Tuesday, May 29, 2007

Subterranean secrets

It's always fascinating to find out how things work, or are built, or operate. Even when you don't really want to know (think sausages and legislation - thank you, Otto von Bismarck). So believe me when I tell you that Beneath the Metropolis: the secret lives of cities is an absolute page-turner. So, what is below the streets of some of the most famous cities in the world? Well, water and sewer lines, obviously - even we have those - and often some sort of public transportation. (It's amazing to think of the work involved in retrofitting a centuries-old major metropolis with a subway, but that's another story). But what else is below the surface?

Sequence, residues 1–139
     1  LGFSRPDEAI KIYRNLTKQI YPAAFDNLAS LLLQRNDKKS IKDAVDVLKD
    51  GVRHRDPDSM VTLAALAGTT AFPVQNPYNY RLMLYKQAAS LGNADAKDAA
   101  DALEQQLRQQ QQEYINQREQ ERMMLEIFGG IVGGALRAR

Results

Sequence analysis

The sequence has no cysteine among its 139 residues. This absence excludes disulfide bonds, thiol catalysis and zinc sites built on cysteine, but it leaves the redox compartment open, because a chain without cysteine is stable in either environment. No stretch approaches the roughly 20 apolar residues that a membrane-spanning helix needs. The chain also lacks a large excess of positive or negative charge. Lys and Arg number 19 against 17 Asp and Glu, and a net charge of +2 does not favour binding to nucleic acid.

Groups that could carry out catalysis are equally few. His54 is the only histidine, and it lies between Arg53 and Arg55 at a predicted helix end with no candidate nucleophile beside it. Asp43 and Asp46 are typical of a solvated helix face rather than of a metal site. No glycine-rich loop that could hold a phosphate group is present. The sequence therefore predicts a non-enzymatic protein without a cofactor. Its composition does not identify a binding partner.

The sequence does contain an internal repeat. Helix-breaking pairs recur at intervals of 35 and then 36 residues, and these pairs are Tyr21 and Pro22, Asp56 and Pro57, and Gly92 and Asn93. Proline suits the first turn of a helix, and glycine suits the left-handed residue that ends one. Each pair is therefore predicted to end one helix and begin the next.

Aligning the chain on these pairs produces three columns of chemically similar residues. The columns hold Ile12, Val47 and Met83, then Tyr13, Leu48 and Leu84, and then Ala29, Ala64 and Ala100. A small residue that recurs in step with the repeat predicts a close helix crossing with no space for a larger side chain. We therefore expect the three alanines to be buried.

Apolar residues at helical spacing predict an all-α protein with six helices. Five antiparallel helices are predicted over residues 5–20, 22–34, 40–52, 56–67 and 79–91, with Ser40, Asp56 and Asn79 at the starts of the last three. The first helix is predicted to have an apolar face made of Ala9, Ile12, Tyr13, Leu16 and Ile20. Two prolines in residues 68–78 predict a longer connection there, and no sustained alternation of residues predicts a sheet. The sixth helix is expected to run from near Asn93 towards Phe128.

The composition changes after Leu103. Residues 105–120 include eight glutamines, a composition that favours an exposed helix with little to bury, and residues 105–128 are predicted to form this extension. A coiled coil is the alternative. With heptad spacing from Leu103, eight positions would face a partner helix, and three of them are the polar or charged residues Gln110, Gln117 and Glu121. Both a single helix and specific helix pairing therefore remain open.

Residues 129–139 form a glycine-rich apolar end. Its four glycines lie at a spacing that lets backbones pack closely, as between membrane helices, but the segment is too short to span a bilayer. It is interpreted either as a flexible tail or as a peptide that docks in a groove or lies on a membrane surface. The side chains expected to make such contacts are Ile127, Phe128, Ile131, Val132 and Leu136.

• Catacombs

  • Torture chambers

  • Libraries

  • Abandoned ships

  • Shopping malls

  • Ancient ruins

  • And lots of polluted aquifers

Surprisingly, New York - always good for an impressive story - is actually a very boring city underground. No rubble from earthquakes or firebombings, no abandoned civil defense tunnels, no secret cult chambers. What a disappointment. One of the most interesting tidbits of information in this book is that the refuse of Cairo has been building up for so many centuries that the doorways in the oldest sections of town are a few feet below street level.

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